A 52-year-old Christie Brinkley proclaims in a CoverGirl ad: “I don’t want to be younger, I just want to look it.”
When MAC Cosmetics scouted aging celebrities for its “Beauty Icons” campaign, several actresses refused participation because it required admitting their age.
Aging actors – including Russell Crowe at 42, George Clooney at 45, and Robert De Niro at 63 – still command leading roles while the trend-setting entertainment industry elbows aside the aging actress. “It depresses me that there are so few roles written for grown-up women,” Academy Award winner Kim Basinger says. “For every woman in this branch like Meryl Streep or Susan Sarandon, who thanks to their talent are able to keep their career continuing, there are a dozen well-known actresses older than 40 who can’t get any roles anymore.”
“The message is ‘don’t get old,’” as aging-specialist Becca Levy, professor at Yale University School of Public Health, notes.
It’s a lucrative message. Anti-aging spending by consumers was projected to approach a whopping $42 billion this year with 35- to 50-year-olds spending $20 billion on plastic surgery and non-surgery skin treatments alone. Looking to wrinkle creams and botox syringes for the figurative Fountain of Youth misses a critical point: to decrease the effects of aging, we must work from the inside out, not the outside in.
CAUSES OF AGING
What exactly is ‘aging?’ When we as a society talk about aging, we are really referring to the rate at which we age. This includes visible wear-and-tear such as wrinkles, muscle wasting, and cataracts, as well as a multitude of diseases including Alzheimer’s and Parkinson’s, cancer, heart and cardiovascular disease, diabetes, arthritis, and cirrhosis.
Symptoms of aging may be traced back to two main causes: cell division – the more rapidly cells divide, the more rapidly they age – and accumulated damage to cells. In the initial three installments of this four-part series, we’ll investigate four conditions that promote this cellular division and damage: inflammation, insulin mismanagement, oxidation and glycation. In the final chapter, we will look at natural habits favoured for reducing the effects of aging.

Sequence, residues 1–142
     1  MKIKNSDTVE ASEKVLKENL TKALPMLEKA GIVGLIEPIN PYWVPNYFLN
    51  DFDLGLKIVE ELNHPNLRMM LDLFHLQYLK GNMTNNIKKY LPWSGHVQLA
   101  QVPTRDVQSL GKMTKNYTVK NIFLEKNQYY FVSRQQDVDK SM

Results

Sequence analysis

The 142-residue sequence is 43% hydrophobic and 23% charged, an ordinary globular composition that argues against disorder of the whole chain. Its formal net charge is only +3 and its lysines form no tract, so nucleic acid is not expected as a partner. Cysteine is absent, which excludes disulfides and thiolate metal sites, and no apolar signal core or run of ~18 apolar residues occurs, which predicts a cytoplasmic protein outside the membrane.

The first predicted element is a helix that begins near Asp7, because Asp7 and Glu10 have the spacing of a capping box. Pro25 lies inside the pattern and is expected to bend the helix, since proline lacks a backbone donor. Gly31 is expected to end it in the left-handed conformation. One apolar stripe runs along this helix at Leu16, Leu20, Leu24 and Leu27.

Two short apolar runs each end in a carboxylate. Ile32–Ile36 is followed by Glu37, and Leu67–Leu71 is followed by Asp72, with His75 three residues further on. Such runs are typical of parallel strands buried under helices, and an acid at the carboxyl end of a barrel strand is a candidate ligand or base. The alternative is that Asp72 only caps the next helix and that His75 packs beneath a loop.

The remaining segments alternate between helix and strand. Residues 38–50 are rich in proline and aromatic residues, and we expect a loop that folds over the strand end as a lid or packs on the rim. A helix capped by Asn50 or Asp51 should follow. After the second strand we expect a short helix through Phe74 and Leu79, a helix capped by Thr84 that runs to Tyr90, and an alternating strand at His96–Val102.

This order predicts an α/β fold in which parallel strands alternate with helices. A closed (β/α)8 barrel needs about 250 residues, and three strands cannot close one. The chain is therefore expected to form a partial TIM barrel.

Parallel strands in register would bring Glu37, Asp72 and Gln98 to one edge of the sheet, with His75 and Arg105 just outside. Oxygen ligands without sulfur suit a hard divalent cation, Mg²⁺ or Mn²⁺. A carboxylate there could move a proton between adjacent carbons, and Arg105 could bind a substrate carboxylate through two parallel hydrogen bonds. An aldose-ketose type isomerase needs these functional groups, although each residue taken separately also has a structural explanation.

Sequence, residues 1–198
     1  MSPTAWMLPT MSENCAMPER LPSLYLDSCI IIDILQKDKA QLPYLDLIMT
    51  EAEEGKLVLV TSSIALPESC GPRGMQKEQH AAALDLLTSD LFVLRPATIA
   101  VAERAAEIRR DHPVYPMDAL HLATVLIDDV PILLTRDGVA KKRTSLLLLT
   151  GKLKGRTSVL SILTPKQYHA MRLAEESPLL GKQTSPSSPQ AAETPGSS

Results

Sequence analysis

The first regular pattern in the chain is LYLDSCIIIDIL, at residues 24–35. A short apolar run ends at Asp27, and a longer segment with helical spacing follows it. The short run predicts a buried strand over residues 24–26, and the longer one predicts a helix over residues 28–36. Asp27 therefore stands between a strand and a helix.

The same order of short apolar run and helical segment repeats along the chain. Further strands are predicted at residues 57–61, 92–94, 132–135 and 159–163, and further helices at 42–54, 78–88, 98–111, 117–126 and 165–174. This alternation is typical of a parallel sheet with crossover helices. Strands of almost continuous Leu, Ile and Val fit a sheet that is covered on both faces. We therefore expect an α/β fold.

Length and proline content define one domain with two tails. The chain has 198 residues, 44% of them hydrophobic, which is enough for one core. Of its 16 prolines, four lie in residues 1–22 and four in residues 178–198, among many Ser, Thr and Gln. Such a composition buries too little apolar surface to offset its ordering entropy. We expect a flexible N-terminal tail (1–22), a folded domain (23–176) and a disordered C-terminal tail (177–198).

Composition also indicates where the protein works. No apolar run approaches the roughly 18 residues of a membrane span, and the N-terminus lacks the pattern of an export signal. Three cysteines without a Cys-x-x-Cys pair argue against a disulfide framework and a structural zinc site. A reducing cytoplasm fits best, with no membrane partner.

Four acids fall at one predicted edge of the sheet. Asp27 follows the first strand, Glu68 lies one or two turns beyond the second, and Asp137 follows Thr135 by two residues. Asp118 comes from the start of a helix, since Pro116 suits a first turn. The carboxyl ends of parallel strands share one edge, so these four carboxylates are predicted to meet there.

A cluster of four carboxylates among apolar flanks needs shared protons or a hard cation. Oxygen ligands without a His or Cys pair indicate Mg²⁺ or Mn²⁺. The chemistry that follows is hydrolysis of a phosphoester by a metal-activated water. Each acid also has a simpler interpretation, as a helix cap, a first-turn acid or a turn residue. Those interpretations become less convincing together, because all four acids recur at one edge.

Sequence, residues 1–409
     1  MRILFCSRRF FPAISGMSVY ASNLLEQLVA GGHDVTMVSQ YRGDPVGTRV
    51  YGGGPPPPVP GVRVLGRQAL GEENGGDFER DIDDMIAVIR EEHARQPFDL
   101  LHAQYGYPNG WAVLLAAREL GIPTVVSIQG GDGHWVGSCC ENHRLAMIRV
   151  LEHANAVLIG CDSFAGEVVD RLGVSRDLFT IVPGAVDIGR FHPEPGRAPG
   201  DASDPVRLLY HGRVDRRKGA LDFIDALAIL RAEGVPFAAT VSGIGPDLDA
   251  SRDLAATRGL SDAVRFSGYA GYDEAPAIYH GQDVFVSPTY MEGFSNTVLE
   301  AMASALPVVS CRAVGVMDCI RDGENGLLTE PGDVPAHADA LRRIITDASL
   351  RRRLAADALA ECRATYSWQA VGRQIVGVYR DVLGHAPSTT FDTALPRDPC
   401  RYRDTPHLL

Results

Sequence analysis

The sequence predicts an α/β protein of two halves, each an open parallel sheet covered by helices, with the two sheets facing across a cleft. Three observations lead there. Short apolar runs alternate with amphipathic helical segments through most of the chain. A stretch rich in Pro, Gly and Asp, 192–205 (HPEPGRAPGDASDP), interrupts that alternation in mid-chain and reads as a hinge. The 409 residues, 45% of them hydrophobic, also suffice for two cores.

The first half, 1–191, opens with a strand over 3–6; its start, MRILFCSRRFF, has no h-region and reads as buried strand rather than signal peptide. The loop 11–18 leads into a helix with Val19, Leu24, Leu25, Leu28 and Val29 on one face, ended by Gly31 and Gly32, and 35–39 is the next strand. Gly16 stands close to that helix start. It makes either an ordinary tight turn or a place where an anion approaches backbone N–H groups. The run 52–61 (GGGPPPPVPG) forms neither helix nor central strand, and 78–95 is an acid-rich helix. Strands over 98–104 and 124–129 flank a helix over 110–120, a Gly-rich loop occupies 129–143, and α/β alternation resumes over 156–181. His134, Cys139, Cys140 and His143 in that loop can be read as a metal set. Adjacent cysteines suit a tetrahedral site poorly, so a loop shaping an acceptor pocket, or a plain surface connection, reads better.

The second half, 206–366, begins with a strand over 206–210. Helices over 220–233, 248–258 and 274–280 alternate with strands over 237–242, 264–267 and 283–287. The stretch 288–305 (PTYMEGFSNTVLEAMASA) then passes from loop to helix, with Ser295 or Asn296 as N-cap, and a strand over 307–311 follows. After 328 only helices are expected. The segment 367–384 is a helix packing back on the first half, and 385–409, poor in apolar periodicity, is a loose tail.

Inflammation is one of the key accelerants of aging. It has been linked to most diseases. It is the suspected cause, for example, of as many as 50% of all atherosclerosis cases.
Inflammation is genetically designed to be a protective mechanism. It counters injury and infection with reactions such as swelling and stiffness to create healing time while simultaneously guarding the affected area against re-injury.
It also neutralizes threats. Consider its response to invading bacteria: temperature-sensitive bacteria flourish at 37°C, the body’s normal temperature, secreting toxins and multiplying. By raising body temperature above the advantageous 37°, inflammation kills the assailants.
Inflammation’s protective instincts are roused by a variety of attacks, including:
- Sleep deprivation
- Trans fats (a big problem, given that Americans consume a shocking 80lbs of processed vegetable oil each year)
- Elevated blood sugar and/or insulin levels
- Nutrient (such as Vitamin D) deficiency
- Cigarette smoking
- Muscle damage through exercise
- Stress: physical, mental and emotional
- Even something as simple as a sunburn
For all of its protective benefits, inflammation is a double-edged sword. It may become self-perpetuating, causing rather than alleviating disease. Autoimmune Disease is an illustration of this, occurring when inflammation is unable to differentiate between proteins and invaders. As a result, it attacks the body’s own tissues. Huntington’s Disease, whereby a genetic defect causes a defective protein which inflammation seeks to neutralize, inadvertently wages war on the body itself.
Similarly, whenever the underlying causes of general inflammation are not relieved, inflammation becomes chronic. Chronic inflammation has been found to precipitate most diseases (including asthma, allergies, and psoriasis), certainly including diseases of aging like frailty, diabetes, wrinkles, and cancer.
Chronic inflammation is also strongly linked to neurodegenerative decline, be it the mild loss of memory, learning ability, and concentration that characterizes aging, or the menacing Alzheimer’s, Parkinson’s, ALS, or MS. This is suggested by the presence of two inflammatory markers -- microglial cells and COX-2 enzymes. (Microglials are brain cells whose mission is to engulf and eliminate neurons that have been killed by injury or illness. In doing so, however, they can stimulate production of dangerous neurotoxins and free radicals. COX-2 enzymes are also an inflammatory response that likewise have dangerous side effects. They provide a pathway for the making of powerful pain- and inflammation-triggering prostaglandins.)
Chronic inflammation may also be associated with obesity, though as a consequence rather than a cause. Researchers have found that obese people, regardless of age, have a high quantity of the inflammation marker C-reactive protein (CRP) in their blood. While obese men displayed twice the normal amount of CRP, women studied exhibited as much as 8 times the quantity, indicating obese females have an elevated risk of chronic inflammation.
In the next instalment of our anti-aging series, we look at a second aging precipitator: insulin management, its influence on cancer and its promotion of insulin resistance.